When Alexi Sahagian was a young boy, he did what a lot of kids do. He made things out of clay. Instead of dinosaurs or army men, he used clay to make a model based on a diesel engine from one of his father’s work trucks, a turbocharged Detroit Diesel 6V 71. Years later, as the president of Boostpower USA, Sahagian brought a high-performance boat engine to life based on that clay model.

It’s called the Boostpower USA Compound Monster and the 650-cubic-inch 2,400 hp engine has twin turbochargers and twin superchargers. Sahagian built one for his 21’ Schiada pleasure boat and one for a customer in New Zealand. The engine was even featured in Hot Rod magazine. A tribute to its versatility, there are YouTube videos of Sahagian towing his children on a tube with the motor. It makes that incredible power on convenient pump gas and is well mannered.

“Every year we build an exotic something because we can and it’s great marketing,” said the 42-year-old Sahagian. “Our engines are for the extreme guy who wants to stare at them in his boat or car or use them to go racing.”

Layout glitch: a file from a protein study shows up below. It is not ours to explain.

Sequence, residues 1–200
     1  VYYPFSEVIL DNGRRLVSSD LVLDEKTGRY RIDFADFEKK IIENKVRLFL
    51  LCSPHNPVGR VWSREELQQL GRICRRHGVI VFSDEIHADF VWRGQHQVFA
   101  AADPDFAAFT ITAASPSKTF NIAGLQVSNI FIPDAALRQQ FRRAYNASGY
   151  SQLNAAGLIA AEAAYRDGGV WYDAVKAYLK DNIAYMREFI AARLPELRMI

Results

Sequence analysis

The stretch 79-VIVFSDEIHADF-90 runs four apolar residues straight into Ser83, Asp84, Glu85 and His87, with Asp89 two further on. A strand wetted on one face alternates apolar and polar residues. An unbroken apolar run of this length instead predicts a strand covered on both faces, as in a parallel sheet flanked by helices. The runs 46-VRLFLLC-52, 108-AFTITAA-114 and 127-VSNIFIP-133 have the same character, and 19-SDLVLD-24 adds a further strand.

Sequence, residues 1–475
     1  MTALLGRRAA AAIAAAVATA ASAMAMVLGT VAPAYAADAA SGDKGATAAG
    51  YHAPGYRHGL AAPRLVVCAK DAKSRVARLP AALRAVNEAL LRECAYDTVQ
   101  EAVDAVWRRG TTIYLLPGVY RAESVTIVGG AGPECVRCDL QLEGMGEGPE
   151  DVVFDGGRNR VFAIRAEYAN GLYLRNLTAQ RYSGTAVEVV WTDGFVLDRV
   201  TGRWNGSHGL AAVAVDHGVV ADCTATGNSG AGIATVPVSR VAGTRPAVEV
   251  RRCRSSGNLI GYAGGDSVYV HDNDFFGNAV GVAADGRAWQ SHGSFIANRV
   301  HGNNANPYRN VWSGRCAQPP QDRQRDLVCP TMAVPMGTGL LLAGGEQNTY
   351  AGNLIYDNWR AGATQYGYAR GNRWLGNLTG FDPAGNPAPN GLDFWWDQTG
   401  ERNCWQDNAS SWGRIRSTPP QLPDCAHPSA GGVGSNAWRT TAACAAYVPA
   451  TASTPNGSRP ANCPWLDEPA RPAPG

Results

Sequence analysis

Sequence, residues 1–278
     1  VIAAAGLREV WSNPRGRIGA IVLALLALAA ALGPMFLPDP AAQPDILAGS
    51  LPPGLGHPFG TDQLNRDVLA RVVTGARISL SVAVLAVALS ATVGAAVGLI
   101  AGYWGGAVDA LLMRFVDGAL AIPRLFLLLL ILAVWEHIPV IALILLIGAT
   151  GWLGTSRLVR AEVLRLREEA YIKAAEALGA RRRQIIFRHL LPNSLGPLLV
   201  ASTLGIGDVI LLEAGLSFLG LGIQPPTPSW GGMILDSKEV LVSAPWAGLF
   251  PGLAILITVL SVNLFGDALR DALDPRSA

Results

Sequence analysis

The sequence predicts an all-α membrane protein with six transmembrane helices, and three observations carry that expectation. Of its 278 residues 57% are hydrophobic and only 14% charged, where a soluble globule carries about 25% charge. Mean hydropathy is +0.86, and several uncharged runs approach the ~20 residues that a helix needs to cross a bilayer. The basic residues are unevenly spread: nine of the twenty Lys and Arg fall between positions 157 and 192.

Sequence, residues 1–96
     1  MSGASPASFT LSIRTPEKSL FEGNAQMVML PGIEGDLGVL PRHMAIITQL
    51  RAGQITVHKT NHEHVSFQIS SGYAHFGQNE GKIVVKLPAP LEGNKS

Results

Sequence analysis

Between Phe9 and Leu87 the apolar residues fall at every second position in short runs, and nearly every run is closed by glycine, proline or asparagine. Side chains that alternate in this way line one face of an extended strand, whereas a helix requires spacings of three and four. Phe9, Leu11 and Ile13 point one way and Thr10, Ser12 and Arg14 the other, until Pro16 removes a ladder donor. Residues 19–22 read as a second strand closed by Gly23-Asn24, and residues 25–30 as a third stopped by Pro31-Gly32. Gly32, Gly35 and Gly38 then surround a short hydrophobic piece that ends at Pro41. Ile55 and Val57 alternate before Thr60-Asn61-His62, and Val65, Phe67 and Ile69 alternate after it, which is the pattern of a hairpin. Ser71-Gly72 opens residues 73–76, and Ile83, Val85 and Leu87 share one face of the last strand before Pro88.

The 2014 model year was no exception. Sahagian’s company, Boostpower USA, which is based in Newbury Park, CA, developed an 800-cubic-inch fire-breathing monster that’s available as a naturally aspirated engine, supercharged, twin turbocharger, or in compounded figurations. The naturally-aspirated version makes 1,325 hp on pump gas while the twin turbo version provides in excess of 3,500 hp. The supercharged engine is rated at 2200 hp and the twin turbo engine version is in excess of 3000 hp.

boostpower3-4-17The engine starts life as a billet block of aluminum that is machined to Boostpower specifications. The block has ridges across the lifter valley for maximum strength and durability for an aluminum block. It also has dual priority oiling galleys so there’s more than one oil feeding source for the bearings. All the main caps are splayed ductile steel with oversized studs.

Sahagian explained that the block is slotted for oversized lifters to slow down the speed at which the lifters rotate to make the engine more durable. If the engine is spinning 8000 rpm, the lifters are running 4000 rpm, making the lifter more reliable. The block also has lifter valley ventilation ports at the rear of the block that help balance the crankcase pressures for the dry sump oiling system, which is a five- or six-stage package depending on the application. When the engine is running, it has four stages of scavenging, one stage of valley scavenging, and of course, the pressure stage.